A/B Testing With Nginx
Hone is an incredibly data-driven company. Whenever possible, we use analytics data (combined with customer feedback) to drive decision making about which features to add, modify, and remove — among other things.
We recently wanted to know how some proposed styling changes would affect user interaction rates of a widget in our web client. To accomplish this, we needed to run a few A/B tests.
Using our Nginx load-balancer, we decided to split incoming traffic in half: 50% of our visitors would be served the existing widget and the remaining 50% would be served the new widget (with the new styling/layout changes).
Simple A/B Testing Nginx Config (50%/50%)
The http server config above utilizes Nginx’s ngx_http_split_clients_module functionality to assign all incoming requests into one of n-buckets — and then redirects them to the corresponding test page.
We run A/B tests until a statistically-significant number of visitors have passed through them. For this particular widget being tested, we needed 10k visitors: ~5k going to each of our A- and B-test widgets.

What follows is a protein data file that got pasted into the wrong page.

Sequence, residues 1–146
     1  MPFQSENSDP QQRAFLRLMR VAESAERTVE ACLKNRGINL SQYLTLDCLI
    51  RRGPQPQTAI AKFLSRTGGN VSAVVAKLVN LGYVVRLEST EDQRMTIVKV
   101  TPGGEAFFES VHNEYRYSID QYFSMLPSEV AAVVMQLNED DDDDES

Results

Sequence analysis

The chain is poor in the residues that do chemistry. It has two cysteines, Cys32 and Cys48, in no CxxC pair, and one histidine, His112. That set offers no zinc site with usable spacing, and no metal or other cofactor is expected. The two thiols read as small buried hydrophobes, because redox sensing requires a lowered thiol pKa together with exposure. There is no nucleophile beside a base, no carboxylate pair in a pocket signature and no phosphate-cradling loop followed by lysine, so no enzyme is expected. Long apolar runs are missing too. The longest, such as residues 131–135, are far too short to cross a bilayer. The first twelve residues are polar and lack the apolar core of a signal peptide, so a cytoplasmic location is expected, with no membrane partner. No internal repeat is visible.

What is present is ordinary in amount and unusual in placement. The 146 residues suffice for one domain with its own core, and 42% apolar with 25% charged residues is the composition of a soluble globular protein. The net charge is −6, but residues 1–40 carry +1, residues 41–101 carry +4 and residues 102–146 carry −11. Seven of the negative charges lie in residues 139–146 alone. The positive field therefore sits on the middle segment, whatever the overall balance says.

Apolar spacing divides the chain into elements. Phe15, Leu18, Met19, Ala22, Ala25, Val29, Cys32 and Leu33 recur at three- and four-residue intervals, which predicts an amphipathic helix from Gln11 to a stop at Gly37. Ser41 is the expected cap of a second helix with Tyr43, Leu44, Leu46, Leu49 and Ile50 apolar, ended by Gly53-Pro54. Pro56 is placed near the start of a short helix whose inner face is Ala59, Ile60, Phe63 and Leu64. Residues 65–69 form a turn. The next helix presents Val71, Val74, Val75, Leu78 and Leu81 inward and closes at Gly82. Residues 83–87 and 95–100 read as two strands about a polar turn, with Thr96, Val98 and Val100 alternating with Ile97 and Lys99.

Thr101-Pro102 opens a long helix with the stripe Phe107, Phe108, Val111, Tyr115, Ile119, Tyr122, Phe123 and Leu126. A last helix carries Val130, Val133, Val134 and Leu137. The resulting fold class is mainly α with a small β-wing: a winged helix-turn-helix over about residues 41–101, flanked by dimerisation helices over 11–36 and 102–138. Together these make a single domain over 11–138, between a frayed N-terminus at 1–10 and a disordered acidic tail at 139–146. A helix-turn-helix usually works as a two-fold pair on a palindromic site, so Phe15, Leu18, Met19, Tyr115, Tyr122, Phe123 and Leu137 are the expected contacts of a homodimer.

What did we learn? After examining our analytics data, it was immediately clear: A much higher percentage of users interacted in the ways we wanted with the new, redesigned widget compared to the old widget. And — importantly — the higher-than-previous engagement remained steady during the following weeks and months — meaning it wasn’t merely a temporary lift.
More Advanced A/B Testing
If you’re interested in learning more, check out this article by Lawson Kurtz that details some more advanced configs and methods of A/B testing using Nginx.
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